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This code form documention of Dataset in ref/Dataset->Applicastions->Indexed Tables(Associations of Associations):

planets = ExampleData[{"Dataset", "Planets"}];
moonMass = planets["Earth", "Moons", "Moon", "Mass"];
planets[All, "Moons", Select[#Mass > moonMass/2 &] /* Keys]

But I cannot understand this behavior all the time.I this that Keys should act on the last result to get a outcome same with Keys[planets[All,"Moons",Select[#Mass>moonMass/2&]]].I make example for simulate it.

dataset = Dataset[<|
   ld -> <|"a" -> 1, "b" -> "x", "c" -> {1}|>,
   le -> <|"a" -> 2, "b" -> "y", "c" -> {2, 3}|>,
   lf -> <|"a" -> 3, "b" -> "z", "c" -> {3}|>,
   lg -> <|"a" -> 4, "b" -> "x", "c" -> {4, 5}|>,
   lh -> <|"a" -> 5, "b" -> "y", "c" -> {5, 6, 7}|>,
   li -> <|"a" -> 6, "b" -> "z", "c" -> {}|>|>]

dataset[Select[#a < 4 &] /* f, "c"]

f[<|ld -> {1}, le -> {2, 3}, lf -> {3}|>] As we can see,the f act on the last result.If we want to get a result same to the documentation,the code should be:

dataset[Select[#a < 3 &] /* (Keys /@ # &)]

Do anyone agree this this opinion?

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    $\begingroup$ You might be interested in the Long Answer section of (98193) which discusses the action of ascending and descending operators. $\endgroup$ – WReach Nov 19 '16 at 15:48
  • $\begingroup$ @WReach That is a great reference. +1 here and there. $\endgroup$ – Edmund Nov 19 '16 at 16:02
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For

Keys[planets[All,"Moons",Select[#Mass>moonMass/2&]]]

First planets[All,"Moons",Select[#Mass>moonMass/2&]] must be resolved before Keys can operate on this. The planets Query returns a Dataset whose first level are the planet names as keys. Therefore Keys returns the planet name keys.

For

dataset[Select[#a < 4 &] /* f, "c"]

You must first appreciate ascending and descending operators of Query (read the Details and Options section). Select and Key ("c" in this case) are descending operators. f is taken to be an ascending operator. Query does the following.

  1. Descend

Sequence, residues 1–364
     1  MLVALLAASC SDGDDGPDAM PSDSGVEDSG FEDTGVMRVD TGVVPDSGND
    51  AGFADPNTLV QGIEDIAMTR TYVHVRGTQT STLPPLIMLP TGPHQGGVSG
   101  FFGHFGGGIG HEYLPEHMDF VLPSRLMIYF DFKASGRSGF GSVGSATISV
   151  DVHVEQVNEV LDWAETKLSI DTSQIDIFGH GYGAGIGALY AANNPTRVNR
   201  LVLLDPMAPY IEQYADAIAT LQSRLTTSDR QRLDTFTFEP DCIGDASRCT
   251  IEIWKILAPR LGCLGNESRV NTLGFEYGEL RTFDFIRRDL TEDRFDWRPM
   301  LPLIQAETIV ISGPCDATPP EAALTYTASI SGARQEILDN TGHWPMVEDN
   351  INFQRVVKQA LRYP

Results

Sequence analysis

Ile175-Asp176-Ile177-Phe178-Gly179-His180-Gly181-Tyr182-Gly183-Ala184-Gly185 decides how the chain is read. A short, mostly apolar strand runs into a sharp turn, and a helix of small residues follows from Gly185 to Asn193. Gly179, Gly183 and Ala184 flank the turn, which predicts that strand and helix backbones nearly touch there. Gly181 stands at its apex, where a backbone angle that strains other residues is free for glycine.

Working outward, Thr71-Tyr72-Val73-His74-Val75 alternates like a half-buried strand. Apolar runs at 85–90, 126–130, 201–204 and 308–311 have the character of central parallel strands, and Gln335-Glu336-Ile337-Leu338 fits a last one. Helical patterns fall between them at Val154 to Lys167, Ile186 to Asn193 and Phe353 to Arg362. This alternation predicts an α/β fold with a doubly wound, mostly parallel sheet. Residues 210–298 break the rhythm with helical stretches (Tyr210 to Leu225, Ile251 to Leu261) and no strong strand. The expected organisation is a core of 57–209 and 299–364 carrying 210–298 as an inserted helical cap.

1.1 Select[#a < 3 &] - This returns dataset with the rows filtered at level 1

    1.2 "c" - Get the Values of Key "c" at level 2 for these filtered rows

  2. Ascend

    2.1 No further action at level 2

    2.2 f - At level 1 apply f to the results

For

dataset[Select[#a < 3 &] /* (Keys /@ # &)]

Select is descending and (Keys /@ # &) is ascending. Select filters the rows and then Keys is Maped onto the Values of each row. Here, the value of each row is the Association that defines the row. Therefore the column name keys are returned. I find it more intuitive to code dataset[Select[#a < 3 &], Keys] as it clearly shows what is happening at level 1 and level 2 of the Dataset.

Hope this helps.

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It seems like the dataset in the documentation has a different format than your example. They have an association as the value of the last key, you have a list as the value of the last key. If we modify your data as follows:

dataset = 
 Dataset[<|ld -> <|"a" -> 1, "b" -> "x", "c" -> <|"l" -> {1}|>|>, 
   le -> <|"a" -> 2, "b" -> "y", "c" -> <|"l" -> {2, 3}|>|>, 
   lf -> <|"a" -> 3, "b" -> "z", "c" -> <|"l" -> {3}|>|>, 
   lg -> <|"a" -> 4, "b" -> "x", "c" -> <|"l" -> {4, 5}|>|>, 
   lh -> <|"a" -> 5, "b" -> "y", "c" -> <|"l" -> {5, 6, 7}|>|>, 
   li -> <|"a" -> 6, "b" -> "z", "c" -> <|"l" -> {}|>|>|>]

then the following works

dataset[Select[#a < 4 &], "c", #l & /* f]

With your original dataset, the following code would produce the same result

f /@ dataset[Select[#a < 4 &], "c"]

enter image description here

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